HANDMADE PAPERS was my first artistic passion! I did cotton papers in an old papermill in Sweden, Lessebo and I learned to do japanese paper at Fujmori papermill, from kozo bark...I love very much the philosophy the japanese way of looking at life as an eternal process of life where everything changes and nothing is stable. So far from our western more material worldview...

When I studied printmaking in Paris, I travelled often to Lessebo in the south of Sweden to incude my prints in the paperfibers when doing the papers. It was fantatic to work in the old papermill with its smells and its heatsteam from the vats, to work with the people there and share their days. Here I developed my own technique to mix my print in the fibers, playing with transparent parts and creating installations and objects for interior design with the papers.

I also developed my ideas of "lightsculptures" - big geometrical forms. The light shine then trough metalgrids covered with transparent papers. My idea was to work with the colored light...and the energy of light.



I travelled to Japan in 1987 to learn to make japanese papers at Flujimori papermill. This was the basic workshop, and I then travelled back in 1989 to do my own artistic works for one months. It was fantastic to live in the little village, having my bycycle and work at the factory every day! Almost no one spoke english so I had my little japanee dictonary.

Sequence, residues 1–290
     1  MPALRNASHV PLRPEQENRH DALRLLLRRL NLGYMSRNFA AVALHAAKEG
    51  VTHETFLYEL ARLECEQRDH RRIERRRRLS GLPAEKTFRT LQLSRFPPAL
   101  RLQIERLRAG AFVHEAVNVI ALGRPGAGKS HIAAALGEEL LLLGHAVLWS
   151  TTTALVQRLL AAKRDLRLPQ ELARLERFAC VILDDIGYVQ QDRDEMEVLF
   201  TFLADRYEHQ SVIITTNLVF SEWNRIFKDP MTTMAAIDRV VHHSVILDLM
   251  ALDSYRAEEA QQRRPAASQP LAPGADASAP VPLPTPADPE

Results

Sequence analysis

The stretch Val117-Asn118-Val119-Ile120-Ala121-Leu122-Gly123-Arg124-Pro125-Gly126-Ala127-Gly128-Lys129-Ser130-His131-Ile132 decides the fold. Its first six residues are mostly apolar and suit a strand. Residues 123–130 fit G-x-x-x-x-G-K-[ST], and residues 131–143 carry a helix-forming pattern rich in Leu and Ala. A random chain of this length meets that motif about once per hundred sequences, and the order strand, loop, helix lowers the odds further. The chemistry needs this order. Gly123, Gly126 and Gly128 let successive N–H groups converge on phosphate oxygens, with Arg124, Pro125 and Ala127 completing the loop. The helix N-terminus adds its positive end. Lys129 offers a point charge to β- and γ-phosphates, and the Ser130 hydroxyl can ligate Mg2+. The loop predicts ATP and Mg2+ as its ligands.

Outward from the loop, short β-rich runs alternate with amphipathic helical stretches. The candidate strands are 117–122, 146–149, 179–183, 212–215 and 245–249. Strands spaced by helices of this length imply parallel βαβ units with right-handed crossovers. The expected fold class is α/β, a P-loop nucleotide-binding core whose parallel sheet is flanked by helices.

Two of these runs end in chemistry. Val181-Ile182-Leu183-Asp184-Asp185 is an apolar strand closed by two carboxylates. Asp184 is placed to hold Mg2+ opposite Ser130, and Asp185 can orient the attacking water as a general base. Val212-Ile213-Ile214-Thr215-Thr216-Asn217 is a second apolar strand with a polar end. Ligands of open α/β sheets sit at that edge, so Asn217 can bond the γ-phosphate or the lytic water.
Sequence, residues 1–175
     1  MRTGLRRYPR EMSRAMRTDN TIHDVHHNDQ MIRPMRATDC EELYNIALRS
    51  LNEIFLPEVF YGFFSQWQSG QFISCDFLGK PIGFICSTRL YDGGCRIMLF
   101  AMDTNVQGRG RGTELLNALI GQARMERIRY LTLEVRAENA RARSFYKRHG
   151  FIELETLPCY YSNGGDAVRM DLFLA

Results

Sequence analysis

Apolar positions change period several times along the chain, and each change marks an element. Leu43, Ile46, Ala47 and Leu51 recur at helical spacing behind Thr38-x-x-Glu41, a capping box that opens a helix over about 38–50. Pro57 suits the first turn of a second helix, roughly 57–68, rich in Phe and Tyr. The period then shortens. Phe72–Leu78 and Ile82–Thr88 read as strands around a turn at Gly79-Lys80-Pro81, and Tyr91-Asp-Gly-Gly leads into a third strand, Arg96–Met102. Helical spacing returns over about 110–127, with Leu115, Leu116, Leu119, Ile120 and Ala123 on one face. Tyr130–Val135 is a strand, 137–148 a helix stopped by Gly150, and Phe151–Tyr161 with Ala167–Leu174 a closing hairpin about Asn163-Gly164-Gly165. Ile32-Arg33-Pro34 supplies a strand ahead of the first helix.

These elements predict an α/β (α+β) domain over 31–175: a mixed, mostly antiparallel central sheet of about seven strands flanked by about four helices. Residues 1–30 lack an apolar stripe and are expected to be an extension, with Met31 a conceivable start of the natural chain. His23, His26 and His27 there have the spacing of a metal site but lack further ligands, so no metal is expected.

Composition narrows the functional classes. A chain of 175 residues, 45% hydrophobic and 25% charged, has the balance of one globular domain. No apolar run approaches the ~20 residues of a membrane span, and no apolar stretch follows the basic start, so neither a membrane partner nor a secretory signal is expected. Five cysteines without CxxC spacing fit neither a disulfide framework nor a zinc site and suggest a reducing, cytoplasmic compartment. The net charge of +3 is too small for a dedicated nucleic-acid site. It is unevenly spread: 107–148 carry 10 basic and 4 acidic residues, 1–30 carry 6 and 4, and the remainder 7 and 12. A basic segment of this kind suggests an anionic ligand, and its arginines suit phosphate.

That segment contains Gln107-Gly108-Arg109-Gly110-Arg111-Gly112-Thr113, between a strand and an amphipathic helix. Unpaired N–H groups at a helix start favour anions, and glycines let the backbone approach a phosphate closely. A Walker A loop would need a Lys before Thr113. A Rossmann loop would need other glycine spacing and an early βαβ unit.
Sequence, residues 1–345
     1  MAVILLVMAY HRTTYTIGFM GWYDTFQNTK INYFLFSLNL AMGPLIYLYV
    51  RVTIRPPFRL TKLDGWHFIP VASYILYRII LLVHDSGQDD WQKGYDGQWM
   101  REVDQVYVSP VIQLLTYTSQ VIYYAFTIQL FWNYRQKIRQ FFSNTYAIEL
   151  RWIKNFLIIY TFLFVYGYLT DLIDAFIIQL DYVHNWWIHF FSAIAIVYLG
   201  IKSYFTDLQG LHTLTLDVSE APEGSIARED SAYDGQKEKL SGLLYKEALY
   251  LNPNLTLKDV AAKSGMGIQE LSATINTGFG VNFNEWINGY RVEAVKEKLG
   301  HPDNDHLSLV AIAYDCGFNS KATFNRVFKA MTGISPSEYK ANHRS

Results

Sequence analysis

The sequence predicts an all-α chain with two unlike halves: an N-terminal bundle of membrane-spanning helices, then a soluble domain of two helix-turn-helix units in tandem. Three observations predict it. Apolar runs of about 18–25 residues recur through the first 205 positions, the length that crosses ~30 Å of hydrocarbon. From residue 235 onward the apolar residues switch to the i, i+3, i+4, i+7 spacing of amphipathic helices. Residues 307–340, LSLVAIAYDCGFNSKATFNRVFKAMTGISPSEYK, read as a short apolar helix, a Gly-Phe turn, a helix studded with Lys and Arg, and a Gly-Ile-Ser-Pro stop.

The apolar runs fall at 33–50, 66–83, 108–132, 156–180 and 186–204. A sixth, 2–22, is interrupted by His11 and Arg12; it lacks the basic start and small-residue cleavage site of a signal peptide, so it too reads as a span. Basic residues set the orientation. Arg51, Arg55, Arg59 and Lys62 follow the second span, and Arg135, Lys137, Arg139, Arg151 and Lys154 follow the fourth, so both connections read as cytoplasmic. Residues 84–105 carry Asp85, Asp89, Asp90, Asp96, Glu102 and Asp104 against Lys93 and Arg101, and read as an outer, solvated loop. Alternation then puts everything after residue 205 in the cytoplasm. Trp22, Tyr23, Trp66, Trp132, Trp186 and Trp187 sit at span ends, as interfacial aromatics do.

The technique is very different from the western: the fibers are much longer so the pulp are catched many times on the tatamiscreen.
I prepared my drawings in the evenings with natural pigments, and I included them then in my paperworks. 
I also participated at a "washi tour" with Asao Shimura (a fantastic papermaker and a good friend) and the paperconference in Ibaraki 1989.


To work with light fascinated me! I started to dip metalnets in the paperpulp to then attache it to transparent papers. I did sculptures with concrete and plexiglass to start with, and then big geometric metalforms with lights coming out from small holes, shining trought my prints.

This was a way for me to do objects easyer to live with then just papers.


I made OUTDOOR INSTALLATIONS with paper also...with what I call my "membrans" - paper attached to metalrods.